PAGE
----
We move on to that the legal fight over fathers in the delivery room. A New Jersey judge banned one dad from the delivery room because the mom did not want him there. A controversial ruling and ABC's... See More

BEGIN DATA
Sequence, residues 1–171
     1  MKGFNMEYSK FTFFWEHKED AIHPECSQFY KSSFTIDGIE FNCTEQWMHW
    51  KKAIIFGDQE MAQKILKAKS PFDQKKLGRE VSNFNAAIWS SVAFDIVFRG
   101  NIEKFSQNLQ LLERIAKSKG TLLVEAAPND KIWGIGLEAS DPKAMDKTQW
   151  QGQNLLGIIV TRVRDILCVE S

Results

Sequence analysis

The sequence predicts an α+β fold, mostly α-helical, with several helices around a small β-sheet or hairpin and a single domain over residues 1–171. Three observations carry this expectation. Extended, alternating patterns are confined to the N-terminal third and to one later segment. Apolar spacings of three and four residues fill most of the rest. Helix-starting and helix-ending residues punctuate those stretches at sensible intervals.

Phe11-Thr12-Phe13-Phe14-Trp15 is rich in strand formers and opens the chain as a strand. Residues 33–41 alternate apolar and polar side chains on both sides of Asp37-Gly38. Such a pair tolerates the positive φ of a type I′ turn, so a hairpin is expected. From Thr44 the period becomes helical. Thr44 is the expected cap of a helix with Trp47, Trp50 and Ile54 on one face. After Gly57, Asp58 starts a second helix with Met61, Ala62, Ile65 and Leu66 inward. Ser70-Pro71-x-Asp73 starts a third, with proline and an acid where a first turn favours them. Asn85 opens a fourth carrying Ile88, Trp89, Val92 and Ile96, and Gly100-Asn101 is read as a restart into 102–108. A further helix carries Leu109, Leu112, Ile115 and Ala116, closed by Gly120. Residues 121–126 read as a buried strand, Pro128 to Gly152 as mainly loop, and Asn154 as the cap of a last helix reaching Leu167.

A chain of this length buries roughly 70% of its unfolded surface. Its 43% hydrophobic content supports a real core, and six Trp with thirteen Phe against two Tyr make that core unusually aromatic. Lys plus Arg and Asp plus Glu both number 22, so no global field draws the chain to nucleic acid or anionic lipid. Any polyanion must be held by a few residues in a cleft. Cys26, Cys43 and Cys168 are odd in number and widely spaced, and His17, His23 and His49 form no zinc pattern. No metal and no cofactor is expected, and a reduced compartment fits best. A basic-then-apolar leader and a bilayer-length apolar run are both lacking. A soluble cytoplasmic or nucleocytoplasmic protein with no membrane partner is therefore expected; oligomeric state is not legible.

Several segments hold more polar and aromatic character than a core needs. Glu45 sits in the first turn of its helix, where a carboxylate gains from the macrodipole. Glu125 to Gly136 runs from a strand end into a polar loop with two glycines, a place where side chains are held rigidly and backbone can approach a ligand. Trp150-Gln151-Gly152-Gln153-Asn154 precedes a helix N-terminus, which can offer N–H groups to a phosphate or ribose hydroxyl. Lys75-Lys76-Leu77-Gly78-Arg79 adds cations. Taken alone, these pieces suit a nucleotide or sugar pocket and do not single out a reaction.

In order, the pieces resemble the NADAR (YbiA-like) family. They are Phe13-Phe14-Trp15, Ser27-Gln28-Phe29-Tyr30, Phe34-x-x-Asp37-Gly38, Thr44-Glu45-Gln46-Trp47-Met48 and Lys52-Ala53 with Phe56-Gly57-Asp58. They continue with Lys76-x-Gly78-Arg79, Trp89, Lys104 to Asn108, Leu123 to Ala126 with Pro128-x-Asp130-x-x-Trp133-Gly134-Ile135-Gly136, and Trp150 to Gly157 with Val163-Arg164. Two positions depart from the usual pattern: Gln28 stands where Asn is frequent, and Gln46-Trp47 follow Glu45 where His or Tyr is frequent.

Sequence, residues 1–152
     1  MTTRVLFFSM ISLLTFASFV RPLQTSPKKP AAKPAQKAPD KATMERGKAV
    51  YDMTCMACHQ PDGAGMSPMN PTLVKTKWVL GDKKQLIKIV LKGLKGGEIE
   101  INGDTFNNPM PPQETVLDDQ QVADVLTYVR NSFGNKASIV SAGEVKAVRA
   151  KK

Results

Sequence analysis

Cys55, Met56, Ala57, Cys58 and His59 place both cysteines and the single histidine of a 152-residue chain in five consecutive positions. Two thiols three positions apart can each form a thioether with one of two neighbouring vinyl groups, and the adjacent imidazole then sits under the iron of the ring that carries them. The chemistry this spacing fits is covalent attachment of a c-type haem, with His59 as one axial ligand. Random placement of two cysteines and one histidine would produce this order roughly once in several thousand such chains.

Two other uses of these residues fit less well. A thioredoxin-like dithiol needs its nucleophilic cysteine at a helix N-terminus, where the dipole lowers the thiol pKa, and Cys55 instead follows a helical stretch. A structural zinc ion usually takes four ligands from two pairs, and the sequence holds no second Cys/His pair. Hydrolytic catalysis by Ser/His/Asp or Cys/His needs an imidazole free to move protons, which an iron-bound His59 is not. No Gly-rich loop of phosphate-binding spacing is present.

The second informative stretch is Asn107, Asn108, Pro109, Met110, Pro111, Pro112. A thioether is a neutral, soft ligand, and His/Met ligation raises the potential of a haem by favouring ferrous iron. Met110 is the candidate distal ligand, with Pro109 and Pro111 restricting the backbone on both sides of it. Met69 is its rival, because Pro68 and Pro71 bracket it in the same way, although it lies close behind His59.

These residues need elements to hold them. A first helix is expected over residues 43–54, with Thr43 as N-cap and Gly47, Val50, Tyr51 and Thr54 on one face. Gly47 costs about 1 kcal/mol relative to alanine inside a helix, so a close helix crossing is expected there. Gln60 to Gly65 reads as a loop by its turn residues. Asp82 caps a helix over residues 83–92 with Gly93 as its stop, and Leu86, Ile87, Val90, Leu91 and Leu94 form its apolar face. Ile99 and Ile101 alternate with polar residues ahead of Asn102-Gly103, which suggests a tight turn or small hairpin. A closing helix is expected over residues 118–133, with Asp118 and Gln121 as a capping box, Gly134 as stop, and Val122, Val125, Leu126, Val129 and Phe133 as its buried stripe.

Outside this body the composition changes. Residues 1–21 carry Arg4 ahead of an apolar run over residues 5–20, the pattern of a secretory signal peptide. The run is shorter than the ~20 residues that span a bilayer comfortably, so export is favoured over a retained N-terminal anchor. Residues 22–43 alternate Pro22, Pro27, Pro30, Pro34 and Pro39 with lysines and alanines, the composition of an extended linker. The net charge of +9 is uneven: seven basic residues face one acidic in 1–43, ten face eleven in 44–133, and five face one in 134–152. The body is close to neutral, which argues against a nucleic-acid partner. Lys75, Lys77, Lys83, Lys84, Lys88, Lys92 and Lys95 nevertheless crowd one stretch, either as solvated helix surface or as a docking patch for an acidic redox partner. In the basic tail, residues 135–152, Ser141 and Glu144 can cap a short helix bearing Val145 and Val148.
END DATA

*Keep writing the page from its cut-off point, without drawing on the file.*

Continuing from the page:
We move on to that the legal fight over fathers in the delivery room. A New Jersey judge banned one dad from the delivery room because the mom did not want him there. A controversial ruling and ABC's Reena ninan has the story. Reporter: Dads in delivery rooms, a pretty common fixture these days seen in the movie "Knocked up." Give her the epidural. Reporter: Now a nuj judge ruled expectant moms have the legal right to keep dads out. Laura's client estranged from his baby girl's mother didn't want to miss his daughter's first moment. He went to court. His main concern was seeing his daughter when she was born and being able to bond with her. Reporter: The judge went one step further ruling in favor of the mom's right to privacy in the delivery room. Noting the mom is not required to tell the father she's going into labor, not required to allow him into the delivery room. In this case clearly applies to unmarried couples. How it extends to married couples, I don't know. Reporter: For "Good morning America," Reena ninan, ABC news, New York. Okay, we wanted you to weigh in. We a flash poll whether moms should be allowed to ban dads from the delivery room? Here are the results. 55% say yes and 45% say no. Let's get some perspective. Dan Abrams back. Our chief legal affairs anchor along with Dr. Jennifer Ashton. The legal side. Banning them from the delivery room is the easy call here. It's her call as to what she wants to do in the delivery room. The harder -- Even if they're married. Even if they were married I think you could make an argument. You could be totally estranged and not in the best interest of the child to have a problem in the delivery room. So that seems to me to be the easier call. The tougher call and the reason I was troubled by this decision is the judge didn't seem to need to get that child into the hands of the dad quickly. Meaning he's basically say, yes, he'll be able to visit at the hospital, et cetera, with a dad who wants to be part of the process who's saying I want to know when the labor is, I want to be there, I think the judge should have created the situation the minute that child is born dad is going to have a right to bond with that child, to be with the child and I think there's an argument to be made dad should have been informed -- there should have been an effort to say she should use any reasonable means to inform the father that she's have the baby so I think the judge here went a little too far and also I think extended some of the constitutional principles into a case that's really just a family law case. Let's get Dr. Jennifer Ashton's take. Doc, what do you think? Most stories have medical and legal angles and, boy, this one is definitely a doozy. In this country, we tend to deliver babies in a medical environment. So my perspective here is purely medical. The concern is the pregnant woman and her fetus, those are my two patients and my concern will always be first and foremost about their safety and I've definitely been involved in deliveries where the dad's behavior has compromised patient care. Either they faint or they make a scene and then it takes the eyes off of two patients. It happens. Good point. I don't think we want to ban dads for fainting. Good point. Thank you both. All right, guys. Yeah, it's a good point.
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